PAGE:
Other Names: Whistling Spider, Barking Spider, Bird-Eating Spider, Selenocosmia crassipes (the current generic name Selenocosmia has been wrongly applied to the Australian species and will be revised, the generic name Phlogius being reinstated).
Family: Theraphosidae (Tarantulas), currently 7 known species in Australia, estimated total 30 Australian species, about 950 species in the world.
Size: Male body length up to 70 mm, Female body length up to 90 mm. Legspan up to 220 mm (22 cm).
Distribution: Throughout Mid-East and North Queensland. Other Australian tarantulas may occur more southerly, to North-Western Victoria.
Status: Tarantulas are highly threatened by the pet trade which is responsible for about 2000 tarantuals being sold in each state each year. From the Australian Museum, "The species that is most often kept as a pet is often sold as Selenocosmia crassipes. However
Habitat: Likes areas with plants. Lives in burrows in the ground up to one metre deep. May come to the surface in heavy rain.
References: Whyte and Anderson, Framenau, Baehr & Zborowski, Wikipedia, Australian Museum.
The Eastern Tarantula is Australia's largest spider.
Diet: The Eastern tarantula has been known to eat small birds, hence the nickname "Bird-eating spider"; however, they typically eat large insects, small mammals and amphibians, such as cane toads and frogs.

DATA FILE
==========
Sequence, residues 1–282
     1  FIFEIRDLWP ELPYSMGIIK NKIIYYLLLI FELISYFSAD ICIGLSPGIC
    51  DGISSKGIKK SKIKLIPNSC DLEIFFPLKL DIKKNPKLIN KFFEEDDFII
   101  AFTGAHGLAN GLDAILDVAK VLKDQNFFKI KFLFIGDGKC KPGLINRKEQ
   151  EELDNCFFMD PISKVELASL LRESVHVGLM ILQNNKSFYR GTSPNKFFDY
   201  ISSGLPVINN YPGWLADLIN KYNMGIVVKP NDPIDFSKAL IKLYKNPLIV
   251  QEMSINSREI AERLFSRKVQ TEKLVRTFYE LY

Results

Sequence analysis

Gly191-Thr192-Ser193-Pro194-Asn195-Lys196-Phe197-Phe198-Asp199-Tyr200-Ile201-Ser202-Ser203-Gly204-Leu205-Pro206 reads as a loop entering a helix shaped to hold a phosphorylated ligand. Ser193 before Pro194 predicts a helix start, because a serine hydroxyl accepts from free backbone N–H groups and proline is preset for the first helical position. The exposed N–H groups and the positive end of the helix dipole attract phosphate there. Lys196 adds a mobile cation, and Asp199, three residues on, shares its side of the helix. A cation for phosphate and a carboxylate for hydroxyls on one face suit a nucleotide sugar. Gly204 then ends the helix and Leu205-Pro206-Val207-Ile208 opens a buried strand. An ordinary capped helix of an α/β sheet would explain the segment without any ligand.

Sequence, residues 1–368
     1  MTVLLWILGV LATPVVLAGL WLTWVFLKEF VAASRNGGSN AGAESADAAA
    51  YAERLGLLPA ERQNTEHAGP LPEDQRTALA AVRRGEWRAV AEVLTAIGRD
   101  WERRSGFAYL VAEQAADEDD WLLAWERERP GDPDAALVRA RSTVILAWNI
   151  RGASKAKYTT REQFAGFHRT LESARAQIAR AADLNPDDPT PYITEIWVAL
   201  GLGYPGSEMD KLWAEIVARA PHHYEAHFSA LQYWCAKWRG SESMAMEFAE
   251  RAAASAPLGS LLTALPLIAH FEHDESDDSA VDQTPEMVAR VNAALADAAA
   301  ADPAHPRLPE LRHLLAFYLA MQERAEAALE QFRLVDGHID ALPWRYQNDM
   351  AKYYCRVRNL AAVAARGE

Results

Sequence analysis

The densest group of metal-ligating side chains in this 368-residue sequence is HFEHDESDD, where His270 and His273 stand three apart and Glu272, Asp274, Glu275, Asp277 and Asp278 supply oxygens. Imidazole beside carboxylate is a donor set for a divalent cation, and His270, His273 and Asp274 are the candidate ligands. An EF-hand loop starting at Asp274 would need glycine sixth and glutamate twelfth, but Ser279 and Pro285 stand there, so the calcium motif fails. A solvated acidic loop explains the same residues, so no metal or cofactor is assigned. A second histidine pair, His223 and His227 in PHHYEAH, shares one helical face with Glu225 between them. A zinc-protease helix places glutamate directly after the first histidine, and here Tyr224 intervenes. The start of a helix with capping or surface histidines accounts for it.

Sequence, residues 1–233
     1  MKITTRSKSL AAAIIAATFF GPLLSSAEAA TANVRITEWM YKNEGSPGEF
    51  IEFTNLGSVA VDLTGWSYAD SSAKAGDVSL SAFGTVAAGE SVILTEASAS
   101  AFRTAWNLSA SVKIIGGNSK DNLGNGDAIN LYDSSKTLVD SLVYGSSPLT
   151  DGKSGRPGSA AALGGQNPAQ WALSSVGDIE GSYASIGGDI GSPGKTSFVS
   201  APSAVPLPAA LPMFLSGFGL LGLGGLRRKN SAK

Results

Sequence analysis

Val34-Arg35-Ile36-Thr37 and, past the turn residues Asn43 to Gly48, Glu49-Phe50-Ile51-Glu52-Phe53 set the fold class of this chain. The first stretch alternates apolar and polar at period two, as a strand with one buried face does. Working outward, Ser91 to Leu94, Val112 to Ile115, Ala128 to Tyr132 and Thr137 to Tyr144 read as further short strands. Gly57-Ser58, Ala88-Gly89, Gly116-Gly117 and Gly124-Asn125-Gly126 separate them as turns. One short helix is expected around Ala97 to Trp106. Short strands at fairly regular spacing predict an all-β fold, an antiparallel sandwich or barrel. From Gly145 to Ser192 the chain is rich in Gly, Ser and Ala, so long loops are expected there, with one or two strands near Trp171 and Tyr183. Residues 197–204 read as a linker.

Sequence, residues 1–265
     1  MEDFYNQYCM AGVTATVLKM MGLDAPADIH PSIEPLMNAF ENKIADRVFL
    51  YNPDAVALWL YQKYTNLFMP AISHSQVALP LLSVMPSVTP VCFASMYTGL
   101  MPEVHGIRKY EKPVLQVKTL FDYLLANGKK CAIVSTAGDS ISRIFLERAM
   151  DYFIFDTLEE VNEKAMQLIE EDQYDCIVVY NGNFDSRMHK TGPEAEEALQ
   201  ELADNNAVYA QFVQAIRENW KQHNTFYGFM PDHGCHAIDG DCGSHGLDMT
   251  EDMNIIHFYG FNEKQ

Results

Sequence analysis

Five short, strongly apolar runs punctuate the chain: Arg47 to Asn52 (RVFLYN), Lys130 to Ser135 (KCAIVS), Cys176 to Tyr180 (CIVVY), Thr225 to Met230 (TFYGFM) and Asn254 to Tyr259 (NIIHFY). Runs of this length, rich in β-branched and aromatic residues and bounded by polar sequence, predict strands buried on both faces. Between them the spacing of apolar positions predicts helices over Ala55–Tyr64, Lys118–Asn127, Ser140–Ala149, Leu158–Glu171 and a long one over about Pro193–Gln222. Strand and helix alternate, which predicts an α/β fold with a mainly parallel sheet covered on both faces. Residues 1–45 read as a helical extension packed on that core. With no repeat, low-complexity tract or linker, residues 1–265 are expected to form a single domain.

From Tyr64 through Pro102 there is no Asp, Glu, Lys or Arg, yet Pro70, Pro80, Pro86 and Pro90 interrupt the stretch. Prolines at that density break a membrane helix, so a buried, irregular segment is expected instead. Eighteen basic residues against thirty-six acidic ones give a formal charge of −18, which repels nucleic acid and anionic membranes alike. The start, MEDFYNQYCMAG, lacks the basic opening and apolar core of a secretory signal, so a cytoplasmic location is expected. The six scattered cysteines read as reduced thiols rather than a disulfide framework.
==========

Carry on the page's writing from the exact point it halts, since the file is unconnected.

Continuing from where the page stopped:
Danger: Wikipedia says a bite from an Eastern tarantula can cause up to six hours of vomiting, but is not fatal to humans. They can be fatal to smaller animals like dogs and cats within 30 minutes.
Treatment: No antivenom is given (there is none available nor is it required).
Note that dead spiders usually fade in colour, so nearly all the spiders will look blacker or darker in colour in real life than they do in the photos of dead spiders from the museum.
Photo taken at Australian Museum, Sydney. High Resolution 2598 x 3652.
Photo taken at Australian Museum, Sydney. High Resolution 1674 x 1236.
Male Eastern Tarantula. Photo taken at Australian Museum, Sydney. High Resolution 2818 x 1963.
Female Eastern Tarantula. Photo taken at Australian Museum, Sydney. High Resolution 2572 x 1956.
Spiders: A Wild Australia Guide, by Patrick Honan.
96 pages. This is a smaller spider guide showing the most well known spiders and then a few more.
From the publisher, "Australia is home to more than 2000 known species of spiders - and it is estimated that four times that number actually exist in this country waiting to be discovered! Within the ranks of Australian spiders we find some of the most uniquely interesting and skilled creatures of the animal world, along with a few potentially-deadly species and even more harmless individuals with fearsome reputations. Love them or loathe them, spiders are a part of everyday life, and this Steve Parish WILD AUSTRALIA GUIDE provides an insight into the lives of some of these often-reclusive visitors to our gardens, homes and wild places. From how to identify them and where they live, to their unique skills and behaviours, this guide lets you get up close to some of the most common Australian spiders. Who knows? You may even find some of these fascinating creatures living right under your nose."
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